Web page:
The movie is rated PG-13, and I'd like to caution parents about several things. First, while there is no nudity, the movie ventures into very dangerous sexual territory. Not only are Josie and Rob (two adults) being courted by minors, they are returning their affections. "See you around the cell block, Mrs. Robinson," Arquette says. Now, while I laughed at that line and admired that the adult characters never fully pursued these relationships, I found the whole idea a bit unsettling. At the same time, one of Josie's teachers (Vartan) is very obviously attracted to her. When her boss orders her to "go for the good story" and seduce this man, she objects, but never expresses any reason why it would be so wrong.
Secondly, there are two scenes in which alcohol and drugs are involved, and of course, they help bring Josie out of her shell. In the first one, she consumes a magical brownie and suddenly flips out and lets loose, jumping onstage with a raggae band and making a spectacle of herself. This scene is objectionable to me, not only because it's irresponsible, but annoying in the extreme. After a while, watching Barrymore go through humiliation after humiliation became positively painful. The second scene is one we've all seen played out in a million teen comedies--the kegger. It is during this booze-fest that Josie is finally truly accepted, when Guy asks her to the prom.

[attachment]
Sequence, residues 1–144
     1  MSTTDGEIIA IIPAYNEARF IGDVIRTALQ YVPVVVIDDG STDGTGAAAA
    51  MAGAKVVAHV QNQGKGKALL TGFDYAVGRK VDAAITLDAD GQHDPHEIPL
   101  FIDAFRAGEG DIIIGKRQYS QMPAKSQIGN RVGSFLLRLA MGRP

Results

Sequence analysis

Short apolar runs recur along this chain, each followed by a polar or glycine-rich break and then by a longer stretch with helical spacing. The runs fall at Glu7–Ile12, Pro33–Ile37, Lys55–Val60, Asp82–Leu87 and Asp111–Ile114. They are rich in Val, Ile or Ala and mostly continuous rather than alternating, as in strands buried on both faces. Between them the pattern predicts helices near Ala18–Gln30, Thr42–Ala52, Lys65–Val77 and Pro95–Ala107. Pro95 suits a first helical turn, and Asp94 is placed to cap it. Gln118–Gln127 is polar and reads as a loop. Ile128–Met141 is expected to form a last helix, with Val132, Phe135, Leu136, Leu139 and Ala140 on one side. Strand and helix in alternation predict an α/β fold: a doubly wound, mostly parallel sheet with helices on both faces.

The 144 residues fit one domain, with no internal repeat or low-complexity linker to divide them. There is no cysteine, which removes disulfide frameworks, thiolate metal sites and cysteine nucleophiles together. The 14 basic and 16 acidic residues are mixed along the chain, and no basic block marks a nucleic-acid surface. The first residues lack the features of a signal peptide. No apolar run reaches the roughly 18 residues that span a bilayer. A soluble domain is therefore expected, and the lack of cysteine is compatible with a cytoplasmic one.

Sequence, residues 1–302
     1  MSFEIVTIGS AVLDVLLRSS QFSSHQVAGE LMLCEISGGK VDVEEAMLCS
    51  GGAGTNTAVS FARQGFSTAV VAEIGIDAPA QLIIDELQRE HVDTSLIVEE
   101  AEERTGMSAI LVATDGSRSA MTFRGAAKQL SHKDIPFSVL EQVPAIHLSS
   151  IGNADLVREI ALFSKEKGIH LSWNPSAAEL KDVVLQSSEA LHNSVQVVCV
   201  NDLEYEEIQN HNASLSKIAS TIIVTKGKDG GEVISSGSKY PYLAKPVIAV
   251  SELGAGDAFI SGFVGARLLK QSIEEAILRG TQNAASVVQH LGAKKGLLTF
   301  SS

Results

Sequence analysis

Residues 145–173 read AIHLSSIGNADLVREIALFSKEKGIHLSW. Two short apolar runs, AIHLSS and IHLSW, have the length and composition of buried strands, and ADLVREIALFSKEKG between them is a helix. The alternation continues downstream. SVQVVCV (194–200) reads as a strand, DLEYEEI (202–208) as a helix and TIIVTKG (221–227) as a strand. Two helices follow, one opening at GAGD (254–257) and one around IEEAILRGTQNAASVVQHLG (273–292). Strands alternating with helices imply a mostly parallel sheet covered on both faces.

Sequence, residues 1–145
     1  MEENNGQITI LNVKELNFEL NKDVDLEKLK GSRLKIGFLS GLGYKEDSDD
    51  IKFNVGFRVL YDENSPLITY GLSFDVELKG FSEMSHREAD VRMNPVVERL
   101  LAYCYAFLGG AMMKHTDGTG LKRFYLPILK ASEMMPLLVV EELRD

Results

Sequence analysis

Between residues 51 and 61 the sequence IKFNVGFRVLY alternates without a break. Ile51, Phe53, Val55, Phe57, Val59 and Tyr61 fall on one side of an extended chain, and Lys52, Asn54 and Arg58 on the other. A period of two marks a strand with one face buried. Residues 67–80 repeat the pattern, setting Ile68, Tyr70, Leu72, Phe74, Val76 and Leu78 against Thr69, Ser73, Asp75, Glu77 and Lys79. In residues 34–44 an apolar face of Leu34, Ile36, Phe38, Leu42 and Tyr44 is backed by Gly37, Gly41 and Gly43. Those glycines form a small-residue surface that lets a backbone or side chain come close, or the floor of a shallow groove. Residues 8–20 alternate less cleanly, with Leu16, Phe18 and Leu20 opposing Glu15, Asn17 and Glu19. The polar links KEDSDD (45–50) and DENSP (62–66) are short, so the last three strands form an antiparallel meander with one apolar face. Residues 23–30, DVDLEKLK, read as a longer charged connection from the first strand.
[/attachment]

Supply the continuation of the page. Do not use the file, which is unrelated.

This movie's entire premise is that of an adult getting an inside view on teenage reality. The question I kept asking myself while enduring it was, "This is reality?" I don't remember the popular kids taking pleasure in being deliberately cruel to everyone else. At worst, they just ignored us nobodies. And since when have teenagers become such mindless drones that when their leader proclaims that the new word for "cool" will be "rufus," everybody will suddenly start saying it?
When I took the video back to the store, I asked the girl who'd recommended it, Suzi, if that's what high school's really like now--if it's really changed that much since I graduated. Her answer was, "no." Similarly, I informed her that Josie's 80s flashbacks are a crock.
This movie is subpar on every level. As a romantic comedy, it fails miserably. Its preposterous ending is supposed to be heart-stopping, but instead, it's just plain stupid. Josie confesses a secret to everyone--that she's never been kissed, and after watching her for an hour and a half, I can see why. If you want to see Drew Barrymore in a decent romance, rent Ever After. If you want to see a more compelling story about an adult going undercover in a high school, watch any re-run of 21 Jump Street.
Review © October 1999 by AboutFilm.Com
and the author.